a(n) exists for every n, since the sum of the inverses of the primes is infinite.
From Fred Schneider, Sep 20 2006; edited by Danny Rorabaugh, Nov 26 2018: (Start)
Heuristic: Add the squares of several successive primes and then add successive primes until the number is abundant.
a(2) = 5^2 * 7 * 11 * 13 * 17 * 19 * 23 * 29;
a(3) = 7^2 * 11^2 * 13 * 17 * ... * 61 * 67;
a(4) = 11^2 * 13^2 * 17 * 19 * ... * 131 * 137;
a(5) = 13^2 * 17^2 * 19 * 23 * ... * 223 * 227. (End)
a(6) = 17^2 * 19^2 * 23^2 * 29 * 31 * ... * 347 * 349;
a(7) = 19^2 * 23^2 * 29^2 * 31 * 37 * ... * 491 * 499 (both coming from the D. Iannucci paper).  Michel Marcus, May 01 2013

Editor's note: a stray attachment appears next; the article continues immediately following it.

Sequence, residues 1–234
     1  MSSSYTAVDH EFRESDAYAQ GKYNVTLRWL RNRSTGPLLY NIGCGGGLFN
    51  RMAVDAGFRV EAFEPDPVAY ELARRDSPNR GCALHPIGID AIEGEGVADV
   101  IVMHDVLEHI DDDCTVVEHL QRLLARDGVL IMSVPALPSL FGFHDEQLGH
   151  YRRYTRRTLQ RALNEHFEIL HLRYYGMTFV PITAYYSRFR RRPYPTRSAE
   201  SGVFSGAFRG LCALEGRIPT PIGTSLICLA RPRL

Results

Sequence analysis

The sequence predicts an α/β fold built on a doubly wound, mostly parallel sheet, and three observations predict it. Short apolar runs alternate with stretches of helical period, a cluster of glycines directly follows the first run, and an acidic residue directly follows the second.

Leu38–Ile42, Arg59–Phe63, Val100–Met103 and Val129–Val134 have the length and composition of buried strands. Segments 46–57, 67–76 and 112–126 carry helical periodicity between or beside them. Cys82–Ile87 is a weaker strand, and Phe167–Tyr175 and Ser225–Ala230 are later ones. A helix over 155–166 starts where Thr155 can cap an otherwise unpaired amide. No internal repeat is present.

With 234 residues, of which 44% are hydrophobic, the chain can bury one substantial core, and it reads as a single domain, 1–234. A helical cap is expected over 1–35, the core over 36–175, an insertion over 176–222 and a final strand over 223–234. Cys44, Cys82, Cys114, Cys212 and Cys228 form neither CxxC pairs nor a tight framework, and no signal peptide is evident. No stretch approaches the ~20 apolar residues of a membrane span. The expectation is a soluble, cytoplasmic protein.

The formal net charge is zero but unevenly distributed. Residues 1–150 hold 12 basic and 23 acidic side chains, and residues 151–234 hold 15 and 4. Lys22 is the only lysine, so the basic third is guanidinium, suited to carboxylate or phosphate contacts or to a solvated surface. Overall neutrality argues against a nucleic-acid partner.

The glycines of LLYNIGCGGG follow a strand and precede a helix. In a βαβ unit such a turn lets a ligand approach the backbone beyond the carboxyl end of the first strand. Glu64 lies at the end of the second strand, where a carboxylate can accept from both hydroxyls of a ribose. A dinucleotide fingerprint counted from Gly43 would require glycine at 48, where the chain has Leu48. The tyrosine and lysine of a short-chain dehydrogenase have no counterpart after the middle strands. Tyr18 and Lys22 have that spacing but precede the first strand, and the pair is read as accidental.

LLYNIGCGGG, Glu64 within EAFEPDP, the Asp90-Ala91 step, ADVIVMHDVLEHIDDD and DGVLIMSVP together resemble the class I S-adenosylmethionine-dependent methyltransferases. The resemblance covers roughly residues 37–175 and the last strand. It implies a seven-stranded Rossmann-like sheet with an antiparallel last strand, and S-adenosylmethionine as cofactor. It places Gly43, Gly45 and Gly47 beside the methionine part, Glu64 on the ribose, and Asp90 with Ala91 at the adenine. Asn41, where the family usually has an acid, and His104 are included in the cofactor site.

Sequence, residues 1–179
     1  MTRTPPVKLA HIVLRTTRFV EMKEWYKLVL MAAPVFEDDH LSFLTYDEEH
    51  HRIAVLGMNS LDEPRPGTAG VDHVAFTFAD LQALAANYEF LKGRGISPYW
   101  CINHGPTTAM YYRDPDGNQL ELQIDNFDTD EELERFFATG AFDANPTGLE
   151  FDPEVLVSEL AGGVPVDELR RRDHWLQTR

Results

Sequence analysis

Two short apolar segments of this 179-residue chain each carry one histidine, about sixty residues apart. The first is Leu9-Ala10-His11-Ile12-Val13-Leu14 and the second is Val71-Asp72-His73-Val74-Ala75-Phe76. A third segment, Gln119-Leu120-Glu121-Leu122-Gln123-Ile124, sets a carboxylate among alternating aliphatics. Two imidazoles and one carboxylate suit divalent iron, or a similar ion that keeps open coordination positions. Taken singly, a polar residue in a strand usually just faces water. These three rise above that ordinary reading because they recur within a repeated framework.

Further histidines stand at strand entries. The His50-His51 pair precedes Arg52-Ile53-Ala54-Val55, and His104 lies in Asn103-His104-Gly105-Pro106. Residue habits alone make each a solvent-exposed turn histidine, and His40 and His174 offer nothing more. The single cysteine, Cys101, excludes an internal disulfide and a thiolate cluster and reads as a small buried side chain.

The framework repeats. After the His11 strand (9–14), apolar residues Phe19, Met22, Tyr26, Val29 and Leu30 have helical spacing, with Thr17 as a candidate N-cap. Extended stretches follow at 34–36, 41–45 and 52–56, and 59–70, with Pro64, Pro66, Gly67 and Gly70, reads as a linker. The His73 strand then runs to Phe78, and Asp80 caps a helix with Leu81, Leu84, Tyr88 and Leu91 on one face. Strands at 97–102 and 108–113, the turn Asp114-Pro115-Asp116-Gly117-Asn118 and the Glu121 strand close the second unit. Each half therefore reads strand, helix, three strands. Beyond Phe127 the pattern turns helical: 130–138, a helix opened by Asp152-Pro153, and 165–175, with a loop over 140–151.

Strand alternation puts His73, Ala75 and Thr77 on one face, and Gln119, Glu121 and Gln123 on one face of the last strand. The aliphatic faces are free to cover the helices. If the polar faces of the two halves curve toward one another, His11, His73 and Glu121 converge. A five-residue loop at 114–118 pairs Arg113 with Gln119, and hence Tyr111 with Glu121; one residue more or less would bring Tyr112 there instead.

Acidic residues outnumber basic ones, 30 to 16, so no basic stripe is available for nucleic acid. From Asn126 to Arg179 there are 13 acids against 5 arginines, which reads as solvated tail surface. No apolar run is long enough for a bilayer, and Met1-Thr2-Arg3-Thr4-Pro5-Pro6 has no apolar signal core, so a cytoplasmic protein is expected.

The known terms of this sequence provide Egyptian decompositions of unity in which all the denominators lack the first n primes, as follows: Every term listed in this sequence is a semiperfect number, which means that a subset of its divisors add up to the number itself. The decomposition 1 = 1/a + 1/b + ... + 1/m, where the denominators are a(n) divided by those divisors, is the desired decomposition.  Javier Múgica, Nov 15 2017
a(n) is the product of consecutive primes starting from prime(n+1) raised to nonincreasing powers.  Jianing Song, Apr 10 2021
From Jianing Song, Apr 14 2021: (Start)
By definition, Omega(a(n)) >= A108227(n+1) for all n, where Omega = A001222. For 0 <= n <= 12 we have Omega(a(n)) = A108227(n+1), but this is not true for n = 13, where Omega(a(13)) = 335 > A108227(14) = 334.
We also have omega(a(n)) >= A001276(n+1) for all n, where omega = A001221. The differences for known terms are 0, 0, 1, 1, 2, 3, 2, 3, 4, 4, 5, 6, 6, 6 respectively.
Conjecture: other than a(1) = 945, all terms are cubefree. (End)